Two of the three key drivers of the Real House Price Index (RHPI), household income and mortgage rates, swung in favor of increased affordability in June. The 30-year, fixed-rate mortgage fell by 0.8 percentage points and household income increased 2.4 percent compared with June 2018. When household income rises, consumer house-buying power increases. Declining mortgage rates have a similar impact on affordability, so in June home buyers received a double shot of house-buying power to jolt affordability in their favor nationally.
“The true cost of housing reflects a consumers’ purchasing power, which is a function of mortgage rates and incomes, and in June, those measures tipped the scale in favor of affordability.”
The third component of the RHPI, nominal house prices, experienced a year-over-year increase of 7.0 percent in June. Increases in nominal house prices make housing less affordable. Yet, the RHPI experienced a 4.6 percent decline compared with one year ago. The reason? The true cost of housing reflects a consumers’ purchasing power, which is a function of mortgage rates and incomes, and in June, those measures tipped the scale in favor of affordability.
Breaking Down the Forces Shaping Affordability
The continual “tug-of-war” between house-buying power and nominal house prices, ultimately determines the fate of real house prices. We’ve examined each of the driving forces shaping affordability today below:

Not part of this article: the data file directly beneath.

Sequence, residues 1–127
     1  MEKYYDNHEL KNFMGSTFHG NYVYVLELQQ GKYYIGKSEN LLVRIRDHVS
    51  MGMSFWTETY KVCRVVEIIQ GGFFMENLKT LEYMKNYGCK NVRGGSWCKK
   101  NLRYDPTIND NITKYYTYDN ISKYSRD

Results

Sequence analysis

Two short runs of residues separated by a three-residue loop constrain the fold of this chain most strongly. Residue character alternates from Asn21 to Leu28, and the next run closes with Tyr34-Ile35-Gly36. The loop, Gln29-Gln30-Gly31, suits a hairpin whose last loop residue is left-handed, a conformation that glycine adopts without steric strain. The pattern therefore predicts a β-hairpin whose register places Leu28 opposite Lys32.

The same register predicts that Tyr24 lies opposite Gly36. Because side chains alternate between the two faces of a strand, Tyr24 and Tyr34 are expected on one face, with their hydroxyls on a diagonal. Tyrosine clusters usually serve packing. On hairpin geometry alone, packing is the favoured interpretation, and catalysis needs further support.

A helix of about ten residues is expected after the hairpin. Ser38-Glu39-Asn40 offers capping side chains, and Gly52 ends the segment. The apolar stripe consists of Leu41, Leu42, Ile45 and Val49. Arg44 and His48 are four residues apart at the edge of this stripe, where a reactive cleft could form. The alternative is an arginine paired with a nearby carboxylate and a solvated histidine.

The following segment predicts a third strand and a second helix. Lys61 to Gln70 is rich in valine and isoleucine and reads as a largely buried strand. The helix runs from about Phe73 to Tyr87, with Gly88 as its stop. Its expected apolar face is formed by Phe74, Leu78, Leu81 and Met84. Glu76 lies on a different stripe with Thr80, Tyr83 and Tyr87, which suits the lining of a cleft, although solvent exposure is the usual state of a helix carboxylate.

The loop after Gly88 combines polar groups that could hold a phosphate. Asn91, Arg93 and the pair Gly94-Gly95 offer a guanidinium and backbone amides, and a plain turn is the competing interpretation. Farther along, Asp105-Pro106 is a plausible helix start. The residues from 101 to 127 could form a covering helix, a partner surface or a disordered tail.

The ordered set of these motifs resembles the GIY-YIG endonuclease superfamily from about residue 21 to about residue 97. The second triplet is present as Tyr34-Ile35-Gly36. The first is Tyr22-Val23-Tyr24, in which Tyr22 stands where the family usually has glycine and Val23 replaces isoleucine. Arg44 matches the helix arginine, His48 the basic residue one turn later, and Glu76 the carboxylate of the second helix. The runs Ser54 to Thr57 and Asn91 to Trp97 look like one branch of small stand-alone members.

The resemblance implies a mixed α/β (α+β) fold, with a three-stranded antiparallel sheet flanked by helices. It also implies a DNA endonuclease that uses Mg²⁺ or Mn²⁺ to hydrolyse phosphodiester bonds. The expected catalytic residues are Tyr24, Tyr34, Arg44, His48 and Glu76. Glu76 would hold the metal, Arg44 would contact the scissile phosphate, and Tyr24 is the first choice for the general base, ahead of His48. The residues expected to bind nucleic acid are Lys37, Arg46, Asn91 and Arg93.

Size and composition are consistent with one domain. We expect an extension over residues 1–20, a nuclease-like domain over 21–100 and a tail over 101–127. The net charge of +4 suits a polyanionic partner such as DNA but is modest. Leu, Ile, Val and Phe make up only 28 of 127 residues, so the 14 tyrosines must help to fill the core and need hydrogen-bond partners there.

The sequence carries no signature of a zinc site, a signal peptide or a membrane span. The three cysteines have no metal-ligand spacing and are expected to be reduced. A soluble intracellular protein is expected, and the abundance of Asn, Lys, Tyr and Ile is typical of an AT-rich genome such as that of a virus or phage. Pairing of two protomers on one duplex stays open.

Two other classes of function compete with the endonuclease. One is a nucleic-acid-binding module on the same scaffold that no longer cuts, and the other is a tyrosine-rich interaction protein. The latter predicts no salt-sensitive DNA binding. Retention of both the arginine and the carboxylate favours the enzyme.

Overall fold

- Household Income: Currently, the unemployment rate in the U.S. is at a 50-year low, jobs are plentiful, and wages are rising. In June, average hourly earnings increased 3.3 percent compared with one year ago, which translates to a 2.4 percent increase in household income. Since June 2018, household income growth increased consumer house-buying power by $8,600.
- Mortgage rates: The 30-year, fixed-rate mortgage began declining in December 2018, and has continued to fall since. Cheaper mortgages boost the housing market by improving affordability. Since June 2018, falling mortgages rates have increased consumer house-buying power by $35,000.
- Nominal House Prices: Rising house-buying power due to lower mortgage rates and strong income growth boosts affordability and supports demand. However, when demand increases for a scarce good, such as housing, prices will rise faster. Indeed, as predicted, nominal house price appreciation began to accelerate in April 2019, and has continued since. Faster house price appreciation works to reduce affordability.
Consumer House-Buying Power Outweighs Rising House Prices
The net effect of these dynamics? Consumer house-buying increased by $44,000 (12.2 percent) in June compared with one year ago, more than enough to overcome the 7 percent increase of nominal house price appreciation. In fact, house-buying power is the highest it’s been since we began tracking it in 1991.
Traditional house prices focus on the actual prices, but they overlook what matters most to potential buyers – their purchasing power, or how much they can afford to buy. Rising nominal house prices alone may convince potential buyers that housing is not as affordable in June 2019 as it was one year ago. However, when you consider the rise in incomes and the lower mortgage rates, housing nationally is 4.6 percent more affordable than one year ago. Of course, if purchasing power continues to rise and drive greater demand, we can expect nominal house price appreciation to increase, leaving the future of affordability unclear.
June 2019 Real House Price Index Highlights
The First American Real House Price Index (RHPI) showed that in June 2019: